I have just noticed that Archbishop Lefebvre and Father Frederick Faber had, by etymology and meaning, the same surname. Effectively, both of them were called Smith. Appropriately enough – they were both craftsmen who built things to last. Habent sua fata, as I have said before, nomina.

I remember a long time ago a sensible sub-editor coming up to me with a book in his hand, called ‘Mr. Smith’, or ‘The Smith Family’, or some such thing.  He said, ‘Well, you won’t get any of your damned mysticism out of this,’ or words to that effect.  I am happy to say that I undeceived him; but the victory was too obvious and easy.  In most cases the name is unpoetical, although the fact is poetical.  In the case of Smith, the name is so poetical that it must be an arduous and heroic matter for the man to live up to it.  The name of Smith is the name of the one trade that even kings respected, it could claim half the glory of that arma virumque which all epics acclaimed.  The spirit of the smithy is so close to the spirit of song that it has mixed in a million poems, and every blacksmith is a harmonious blacksmith.

Even the village children feel that in some dim way the smith is poetic, as the grocer and the cobbler are not poetic, when they feast on the dancing sparks and deafening blows in the cavern of that creative violence.  The brute repose of Nature, the passionate cunning of man, the strongest of earthly metals, the weirdest of earthly elements, the unconquerable iron subdued by its only conqueror, the wheel and the ploughshare, the sword and the steam-hammer, the arraying of armies and the whole legend of arms, all these things are written, briefly indeed, but quite legibly, on the visiting-card of Mr. Smith.  Yet our novelists call their hero ‘Aylmer Valence’, which means nothing, or ‘Vernon Raymond’, which means nothing, when it is in their power to give him this sacred name of Smith, this name made of iron and flame.  It would be very natural if a certain hauteur, a certain carriage of the head, a certain curl of the lip, distinguished every one whose name is Smith.  Perhaps it does; I trust so.  Whoever else are parvenus, the Smiths are not parvenus.  From the darkest dawn of history this clan has gone forth to battle; its trophies are on every hand; its name is everywhere; it is older than the nations, and its sign is the Hammer of Thor   (G.K. Chesterton, in ‘Heretics’.)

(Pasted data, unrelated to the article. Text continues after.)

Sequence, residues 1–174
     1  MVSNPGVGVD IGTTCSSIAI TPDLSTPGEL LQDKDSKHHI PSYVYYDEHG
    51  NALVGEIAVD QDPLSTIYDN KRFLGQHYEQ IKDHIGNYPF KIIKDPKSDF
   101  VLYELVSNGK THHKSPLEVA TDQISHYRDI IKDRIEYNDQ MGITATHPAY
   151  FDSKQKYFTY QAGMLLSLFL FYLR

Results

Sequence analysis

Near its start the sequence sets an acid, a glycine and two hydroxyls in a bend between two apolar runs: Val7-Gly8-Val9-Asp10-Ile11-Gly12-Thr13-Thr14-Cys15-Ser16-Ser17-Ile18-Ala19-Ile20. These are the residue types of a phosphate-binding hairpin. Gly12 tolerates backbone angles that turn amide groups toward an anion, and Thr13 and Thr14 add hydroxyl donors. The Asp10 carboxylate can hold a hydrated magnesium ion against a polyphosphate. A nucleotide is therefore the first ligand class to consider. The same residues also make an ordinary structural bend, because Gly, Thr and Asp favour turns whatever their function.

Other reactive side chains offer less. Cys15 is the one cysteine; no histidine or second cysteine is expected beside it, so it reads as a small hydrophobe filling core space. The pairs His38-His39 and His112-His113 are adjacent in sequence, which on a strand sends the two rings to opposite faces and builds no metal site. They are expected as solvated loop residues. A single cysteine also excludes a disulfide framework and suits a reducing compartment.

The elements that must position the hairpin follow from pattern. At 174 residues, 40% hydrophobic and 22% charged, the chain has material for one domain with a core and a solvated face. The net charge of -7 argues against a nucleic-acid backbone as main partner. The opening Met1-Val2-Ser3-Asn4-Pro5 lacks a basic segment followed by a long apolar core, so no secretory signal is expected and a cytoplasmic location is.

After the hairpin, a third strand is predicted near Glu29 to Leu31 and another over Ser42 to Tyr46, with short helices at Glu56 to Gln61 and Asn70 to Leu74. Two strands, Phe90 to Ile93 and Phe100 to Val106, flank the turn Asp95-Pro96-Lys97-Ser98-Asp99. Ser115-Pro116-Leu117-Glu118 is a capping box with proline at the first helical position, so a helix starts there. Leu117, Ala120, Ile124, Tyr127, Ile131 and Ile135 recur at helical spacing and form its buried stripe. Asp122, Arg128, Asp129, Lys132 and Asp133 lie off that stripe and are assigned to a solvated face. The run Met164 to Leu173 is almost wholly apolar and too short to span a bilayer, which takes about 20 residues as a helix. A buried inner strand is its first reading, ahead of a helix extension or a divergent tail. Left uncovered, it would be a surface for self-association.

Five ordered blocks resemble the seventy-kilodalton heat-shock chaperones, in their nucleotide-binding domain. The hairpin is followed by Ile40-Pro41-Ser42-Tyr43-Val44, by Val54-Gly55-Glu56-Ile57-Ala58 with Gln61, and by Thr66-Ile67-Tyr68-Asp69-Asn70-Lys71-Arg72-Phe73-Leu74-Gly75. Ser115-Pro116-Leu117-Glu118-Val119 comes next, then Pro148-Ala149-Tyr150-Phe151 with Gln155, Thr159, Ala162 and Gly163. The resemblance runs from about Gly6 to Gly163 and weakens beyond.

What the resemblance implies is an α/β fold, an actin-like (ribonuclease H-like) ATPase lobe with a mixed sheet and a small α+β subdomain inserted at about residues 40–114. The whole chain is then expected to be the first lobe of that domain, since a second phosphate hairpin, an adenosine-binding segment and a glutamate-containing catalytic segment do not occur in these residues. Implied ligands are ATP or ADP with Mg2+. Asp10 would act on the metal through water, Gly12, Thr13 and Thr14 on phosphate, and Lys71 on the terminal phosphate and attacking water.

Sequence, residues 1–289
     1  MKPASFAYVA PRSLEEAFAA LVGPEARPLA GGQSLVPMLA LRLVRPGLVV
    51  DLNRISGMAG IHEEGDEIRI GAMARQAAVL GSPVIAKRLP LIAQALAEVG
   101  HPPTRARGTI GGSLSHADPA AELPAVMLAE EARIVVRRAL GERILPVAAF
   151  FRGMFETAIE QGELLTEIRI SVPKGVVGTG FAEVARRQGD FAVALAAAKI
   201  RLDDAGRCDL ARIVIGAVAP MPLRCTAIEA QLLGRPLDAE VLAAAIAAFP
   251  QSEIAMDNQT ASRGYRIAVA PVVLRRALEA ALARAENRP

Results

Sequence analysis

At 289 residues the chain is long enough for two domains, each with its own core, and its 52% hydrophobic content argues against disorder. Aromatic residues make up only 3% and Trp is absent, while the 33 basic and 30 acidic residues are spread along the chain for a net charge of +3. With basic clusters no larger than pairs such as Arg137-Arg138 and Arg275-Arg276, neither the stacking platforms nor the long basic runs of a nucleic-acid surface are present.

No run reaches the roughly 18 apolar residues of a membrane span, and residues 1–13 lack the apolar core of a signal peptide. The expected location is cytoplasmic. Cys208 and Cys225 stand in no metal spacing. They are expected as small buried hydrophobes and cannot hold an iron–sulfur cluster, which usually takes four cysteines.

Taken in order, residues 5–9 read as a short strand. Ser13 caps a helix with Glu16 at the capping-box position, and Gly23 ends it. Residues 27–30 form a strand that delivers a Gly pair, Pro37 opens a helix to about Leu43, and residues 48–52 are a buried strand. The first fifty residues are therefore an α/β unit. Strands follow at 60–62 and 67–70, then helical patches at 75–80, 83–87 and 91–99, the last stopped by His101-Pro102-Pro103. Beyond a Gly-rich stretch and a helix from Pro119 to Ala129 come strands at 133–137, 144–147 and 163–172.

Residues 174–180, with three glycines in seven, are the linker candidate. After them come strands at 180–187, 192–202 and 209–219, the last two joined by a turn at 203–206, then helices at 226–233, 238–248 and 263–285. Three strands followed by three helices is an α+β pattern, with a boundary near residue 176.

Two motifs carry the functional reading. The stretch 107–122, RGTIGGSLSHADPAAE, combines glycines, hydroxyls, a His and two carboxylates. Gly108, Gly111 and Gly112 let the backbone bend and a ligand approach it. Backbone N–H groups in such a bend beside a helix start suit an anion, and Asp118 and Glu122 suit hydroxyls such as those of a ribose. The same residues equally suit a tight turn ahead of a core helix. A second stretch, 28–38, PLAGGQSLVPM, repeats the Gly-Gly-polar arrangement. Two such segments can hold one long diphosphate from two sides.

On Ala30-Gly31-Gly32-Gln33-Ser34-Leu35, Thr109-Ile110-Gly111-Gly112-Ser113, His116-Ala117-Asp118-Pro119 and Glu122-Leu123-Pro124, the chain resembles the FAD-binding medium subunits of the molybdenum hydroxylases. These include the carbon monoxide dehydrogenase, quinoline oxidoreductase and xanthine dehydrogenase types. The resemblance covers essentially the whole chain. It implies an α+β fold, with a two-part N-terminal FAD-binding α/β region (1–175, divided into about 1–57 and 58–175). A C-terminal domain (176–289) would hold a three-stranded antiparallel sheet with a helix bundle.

(I know that Brompton Oratory didn’t look like that in Faber’s lifetime. But he is still the man behind it.)

What should we think of Archbishop Marcel Lefebvre? Today is the 25th anniversary of his historic action at Econe, when he consecrated four bishops to continue his work after his death: in his own words, ‘to preserve tradition, while waiting for tradition to regain its rights in Rome’. By tradition he meant both divine tradition and the ecclesiastical traditions that are closely bound up with the former. With regard to divine tradition, it was not that he considered that the Roman Church had  defined things contrary to revelation, but rather that a modus agendi had been adopted by the Roman authorities, from the pope downwards, profoundly inimical to certain revealed truths. In particular, he considered that the new ecumenism and new inter-religious dialogue obscured the dogma ‘no salvation outside the Catholic Church’; that the post-conciliar way of addressing civil authorities obscured the right of Christ to reign over all human societies; that the new Mass, both in itself and in its implementation, obscured the Sacrifice; that the new canon law and the approach adopted by the holy see towards bishops’ conferences obscured the right of the pope to rule over the Church. As for ecclesiastical traditions, which are as it were the bark protecting the sap of divine tradition, I have mentioned elsewhere many of those that were imperilled and all but destroyed after Vatican II.

Archbishop Lefebvre’s response to this unprecedented situation was not to deny the authority of the pope or the diocesan bishops. The bishops whom he consecrated were expressly not given jurisdiction, since he asserted that he had no right to give them jurisdiction. His business was to pass on the power of order, so that there would be validly consecrated bishops committed to tradition in its fullness. Jean Madiran, the veteran French commentator on Catholic affairs, was not willing to take up a public position in favour of the archbishop, which caused a painful rupture between them. But that makes his words about the four bishops consecrated all the more significant:-